Stereotactic neurosurgery uses a 3D coordinate system to map the brain, pinpointing the precise target area. The target is identified through CT, MRI or angiography, and three-dimensional mapping equipment then determines the precise distance and preferred route to the treatment area.
Understanding stereotactic neurosurgery
Stereotactic neurosurgery may be performed with or without the use of a frame. Frame-based stereotactic neurosurgery requires a lightweight frame be attached to the head using four small posts. To ensure patient comfort, local anesthesia is administered at the insertion sites.
Once the frame is in position, imaging begins. Using reference points on the frame, the distance between the target site and the frame is measured in three dimensions. Surgical equipment is then attached to the frame and adjusted precisely to the exact mapping coordinates.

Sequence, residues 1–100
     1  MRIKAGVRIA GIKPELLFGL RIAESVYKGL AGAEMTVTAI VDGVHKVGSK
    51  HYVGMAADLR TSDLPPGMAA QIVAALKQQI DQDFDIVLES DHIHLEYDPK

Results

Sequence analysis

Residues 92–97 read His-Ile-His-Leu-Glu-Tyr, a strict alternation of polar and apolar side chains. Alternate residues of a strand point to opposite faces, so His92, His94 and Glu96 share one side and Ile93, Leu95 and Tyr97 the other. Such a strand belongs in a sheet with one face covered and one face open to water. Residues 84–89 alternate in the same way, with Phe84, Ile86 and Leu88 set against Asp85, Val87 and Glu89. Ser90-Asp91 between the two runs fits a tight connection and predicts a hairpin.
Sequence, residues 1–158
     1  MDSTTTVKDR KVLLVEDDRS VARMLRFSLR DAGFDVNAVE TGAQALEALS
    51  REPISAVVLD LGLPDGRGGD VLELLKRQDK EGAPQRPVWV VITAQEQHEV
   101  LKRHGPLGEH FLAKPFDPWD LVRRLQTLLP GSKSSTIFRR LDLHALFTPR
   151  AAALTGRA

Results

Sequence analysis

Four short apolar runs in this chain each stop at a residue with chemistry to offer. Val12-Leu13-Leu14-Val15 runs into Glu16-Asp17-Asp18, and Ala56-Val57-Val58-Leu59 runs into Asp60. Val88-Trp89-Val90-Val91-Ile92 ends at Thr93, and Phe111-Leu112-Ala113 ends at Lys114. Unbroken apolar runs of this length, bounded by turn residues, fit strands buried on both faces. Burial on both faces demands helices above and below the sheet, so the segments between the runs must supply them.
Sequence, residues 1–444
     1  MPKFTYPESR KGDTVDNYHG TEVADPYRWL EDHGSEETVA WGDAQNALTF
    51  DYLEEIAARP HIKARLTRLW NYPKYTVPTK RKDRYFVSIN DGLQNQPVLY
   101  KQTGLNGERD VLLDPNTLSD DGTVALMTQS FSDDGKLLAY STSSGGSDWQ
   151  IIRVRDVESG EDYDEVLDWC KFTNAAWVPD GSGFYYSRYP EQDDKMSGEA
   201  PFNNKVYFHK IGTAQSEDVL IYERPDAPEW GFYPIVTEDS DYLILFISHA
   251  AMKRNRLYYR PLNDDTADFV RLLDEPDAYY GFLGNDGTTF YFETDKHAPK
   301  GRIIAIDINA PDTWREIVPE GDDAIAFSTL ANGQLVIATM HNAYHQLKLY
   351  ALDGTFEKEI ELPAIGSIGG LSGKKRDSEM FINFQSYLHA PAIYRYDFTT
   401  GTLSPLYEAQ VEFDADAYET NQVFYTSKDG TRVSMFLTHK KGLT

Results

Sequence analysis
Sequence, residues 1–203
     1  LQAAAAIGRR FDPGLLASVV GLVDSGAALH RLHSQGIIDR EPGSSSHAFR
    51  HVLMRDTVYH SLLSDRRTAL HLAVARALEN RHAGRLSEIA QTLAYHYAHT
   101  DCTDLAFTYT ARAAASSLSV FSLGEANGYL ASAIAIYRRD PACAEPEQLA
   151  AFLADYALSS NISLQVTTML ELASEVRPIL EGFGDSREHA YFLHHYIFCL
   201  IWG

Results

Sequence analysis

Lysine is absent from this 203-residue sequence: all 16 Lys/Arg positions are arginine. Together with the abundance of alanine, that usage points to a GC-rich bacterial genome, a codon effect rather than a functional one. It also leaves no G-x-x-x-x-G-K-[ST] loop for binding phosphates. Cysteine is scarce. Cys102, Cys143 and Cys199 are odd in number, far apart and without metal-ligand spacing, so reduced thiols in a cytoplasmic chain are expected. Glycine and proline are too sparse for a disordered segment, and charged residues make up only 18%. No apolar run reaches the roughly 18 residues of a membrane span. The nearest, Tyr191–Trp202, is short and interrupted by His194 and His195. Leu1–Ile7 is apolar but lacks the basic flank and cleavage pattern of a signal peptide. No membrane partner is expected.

In frameless stereotactic neurosurgery, markers are placed on the scalp to act as a reference point during image-guided procedures.
Why is stereotactic neurosurgery done?
Stereotactic neurosurgery may be performed for diagnostic purposes. Small samples of brain tissue may be obtained through the procedure when brain tumor or infection is suspected. It may also be done when multiple lesions are present, tumors are located deep in the brain, or the patient is unable to tolerate anesthesia for a convention surgical procedure.
This surgery may also be used to treat various focal diseases of the brain including congenital disorders, vascular abnormalities, Parkinson’s disease and more.
Risks associated with stereotactic neurosurgery
The risks of stereotactic neurosurgery are less than those associated with an open surgical procedure, but include:
- Intracranial hemorrhage